We consider the problem of maximizing the asymptotic growth rate of an investor under drift uncertainty in the setting of stochastic portfolio theory (SPT). As in the work of Kardaras and Robertson we take as inputs (i) a Markovian volatility matrix $c(x)$ and (ii) an invariant density $p(x)$ for the market weights, but we additionally impose long-only constraints on the investor. Our principal contribution is proving a uniqueness and existence result for the class of concave functionally generated portfolios and developing a finite dimensional approximation, which can be used to numerically find the optimum. In addition to the general results outlined above, we propose the use of a broad class of models for the volatility matrix $c(x)$, which can be calibrated to data and, under which, we obtain explicit formulas of the optimal unconstrained portfolio for any invariant density.

This chapter presents a history of international trade finance - the oldest domain of international finance - from its emergence in the Middle Ages up to today. We describe how the structure and governance of the global trade finance market changed over time and how trade credit instruments evolved. Trade finance products initially consisted of idiosyncratic assets issued by local merchants and bankers. The financing of international trade then became increasingly centralized and credit instruments were standardized through the diffusion of the local standards of consecutive leading trading centres (Antwerp, Amsterdam, London). This process of market centralization/product standardization culminated in the nineteenth century when London became the global centre for international trade finance and the sterling bill of exchange emerged as the most widely used trade finance instrument. The structure of the trade finance market then evolved considerably following the First World War and disintegrated during the interwar de-globalization and Bretton Woods period. The reconstruction of global trade finance in the post-1970 period gave way to the decentralized market structure that prevails nowadays.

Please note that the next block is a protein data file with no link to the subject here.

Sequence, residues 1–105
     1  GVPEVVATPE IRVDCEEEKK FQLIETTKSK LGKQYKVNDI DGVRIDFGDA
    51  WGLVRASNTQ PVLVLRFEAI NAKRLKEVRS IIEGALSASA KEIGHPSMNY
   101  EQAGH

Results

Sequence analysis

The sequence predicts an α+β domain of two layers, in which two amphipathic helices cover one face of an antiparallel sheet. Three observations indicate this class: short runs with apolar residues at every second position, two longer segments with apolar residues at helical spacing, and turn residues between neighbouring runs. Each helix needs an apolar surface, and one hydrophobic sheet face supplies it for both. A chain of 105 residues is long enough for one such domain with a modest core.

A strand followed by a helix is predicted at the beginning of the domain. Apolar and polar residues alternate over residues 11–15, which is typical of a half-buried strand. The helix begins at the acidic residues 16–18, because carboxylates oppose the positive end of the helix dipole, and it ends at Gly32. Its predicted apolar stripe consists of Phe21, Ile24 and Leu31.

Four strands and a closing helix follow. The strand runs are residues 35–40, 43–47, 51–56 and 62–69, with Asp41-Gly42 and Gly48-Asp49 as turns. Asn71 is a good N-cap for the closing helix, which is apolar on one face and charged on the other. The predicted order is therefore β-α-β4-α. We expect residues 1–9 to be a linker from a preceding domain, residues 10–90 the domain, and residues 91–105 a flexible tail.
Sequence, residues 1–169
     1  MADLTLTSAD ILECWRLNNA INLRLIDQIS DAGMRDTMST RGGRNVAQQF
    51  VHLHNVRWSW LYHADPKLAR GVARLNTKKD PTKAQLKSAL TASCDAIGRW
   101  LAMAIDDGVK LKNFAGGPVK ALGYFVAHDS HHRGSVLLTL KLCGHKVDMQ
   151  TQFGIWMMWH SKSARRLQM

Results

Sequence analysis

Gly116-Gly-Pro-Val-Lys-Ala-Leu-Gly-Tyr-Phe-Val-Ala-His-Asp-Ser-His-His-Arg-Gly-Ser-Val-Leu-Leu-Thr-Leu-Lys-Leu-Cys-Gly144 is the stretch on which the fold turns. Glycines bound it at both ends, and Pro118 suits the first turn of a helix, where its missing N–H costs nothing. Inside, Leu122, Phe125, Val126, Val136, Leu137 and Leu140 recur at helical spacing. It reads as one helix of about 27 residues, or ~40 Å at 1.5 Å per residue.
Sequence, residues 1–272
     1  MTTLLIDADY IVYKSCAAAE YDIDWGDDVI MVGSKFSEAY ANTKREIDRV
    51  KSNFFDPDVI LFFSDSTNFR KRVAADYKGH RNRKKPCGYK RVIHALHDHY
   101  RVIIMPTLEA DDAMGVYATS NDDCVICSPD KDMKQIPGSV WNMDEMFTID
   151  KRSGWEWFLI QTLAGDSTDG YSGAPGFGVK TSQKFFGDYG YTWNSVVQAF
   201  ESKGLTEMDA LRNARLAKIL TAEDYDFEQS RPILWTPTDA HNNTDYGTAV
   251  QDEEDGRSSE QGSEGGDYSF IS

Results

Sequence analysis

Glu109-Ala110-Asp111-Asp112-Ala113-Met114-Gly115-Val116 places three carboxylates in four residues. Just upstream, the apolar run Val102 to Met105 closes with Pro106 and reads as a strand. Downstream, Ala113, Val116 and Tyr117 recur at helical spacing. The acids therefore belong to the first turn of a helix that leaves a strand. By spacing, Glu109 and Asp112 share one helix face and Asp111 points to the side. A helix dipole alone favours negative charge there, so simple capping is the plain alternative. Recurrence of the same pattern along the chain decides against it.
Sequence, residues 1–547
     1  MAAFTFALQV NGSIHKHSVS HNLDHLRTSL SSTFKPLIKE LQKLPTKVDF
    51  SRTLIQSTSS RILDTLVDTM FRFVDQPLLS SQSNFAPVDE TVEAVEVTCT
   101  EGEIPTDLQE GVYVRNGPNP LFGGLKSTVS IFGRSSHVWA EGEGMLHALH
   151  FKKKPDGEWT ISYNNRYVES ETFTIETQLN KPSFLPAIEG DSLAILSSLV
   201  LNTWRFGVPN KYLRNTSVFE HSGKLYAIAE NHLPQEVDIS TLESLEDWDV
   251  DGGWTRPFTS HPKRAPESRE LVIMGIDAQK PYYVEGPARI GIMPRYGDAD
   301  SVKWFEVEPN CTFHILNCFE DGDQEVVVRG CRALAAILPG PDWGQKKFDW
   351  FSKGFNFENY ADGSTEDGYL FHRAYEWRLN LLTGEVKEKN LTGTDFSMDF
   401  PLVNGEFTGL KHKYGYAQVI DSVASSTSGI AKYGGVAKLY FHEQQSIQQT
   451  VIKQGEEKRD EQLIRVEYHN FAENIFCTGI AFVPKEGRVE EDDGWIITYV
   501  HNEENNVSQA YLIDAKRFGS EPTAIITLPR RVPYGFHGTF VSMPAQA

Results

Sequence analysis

We introduce simplicial persistence, a measure of time evolution of network motifs in subsequent temporal layers. We observe long memory in the evolution of structures from correlation filtering, with a two regime power law decay in the number of persistent simplicial complexes. Null models of the underlying time series are tested to investigate properties of the generative process and its evolutional constraints. Networks are generated with both TMFG filtering technique and thresholding showing that embedding-based filtering methods (TMFG) are able to identify higher order structures throughout the market sample, where thresholding methods fail. The decay exponents of these long memory processes are used to characterise financial markets based on their stage of development and liquidity. We find that more liquid markets tend to have a slower persistence decay. This is in contrast with the common understanding that developed markets are more random. We find that they are indeed less predictable for what concerns the dynamics of each single variable but they are more predictable for what concerns the collective evolution of the variables. This could imply higher fragility to systemic shocks.

In [Precise Asymptotics for Robust Stochastic Volatility Models; Ann. Appl. Probab. 2020] we introduce a new methodology to analyze large classes of (classical and rough) stochastic volatility models, with special regard to short-time and small noise formulae for option prices, using the framework [Bayer et al; A regularity structure for rough volatility; Math. Fin. 2020]. We investigate here the fine structure of this expansion in large deviations and moderate deviations regimes, together with consequences for implied volatility. We discuss computational aspects relevant for the practical application of these formulas. We specialize such expansions to prototypical rough volatility examples and discuss numerical evidence.

In the framework of technical analysis for algorithmic trading we use a linear algebra approach in order to define classical technical indicators as bounded operators of the space $l^\infty(\mathbb{N})$. This more abstract view enables us to define in a very simple way the no-lag versions of these tools. Then we apply our results to a basic trading system in order to compare the classical Elder's impulse system with its no-lag version and the so-called Nyquist-Elder's impulse system.

Risk aversion plays a significant and central role in investors' decisions in the process of developing a portfolio. In this framework of portfolio optimization we determine the portfolio that possesses the minimal risk by using a new geometrical method. For this purpose, we elaborate an algorithm that enables us to compute any generalized Euclidean distance to a standard simplex. With this new approach, we are able to treat the case of portfolio optimization without short-selling in its entirety, and we also recover in geometrical terms the well-known results on portfolio optimization with allowed short-selling. Then, we apply our results in order to determine which convex combination of the CAC 40 stocks possesses the lowest risk: not only we get a very low risk compared to the index, but we also get a return rate that is almost three times better than the one of the index.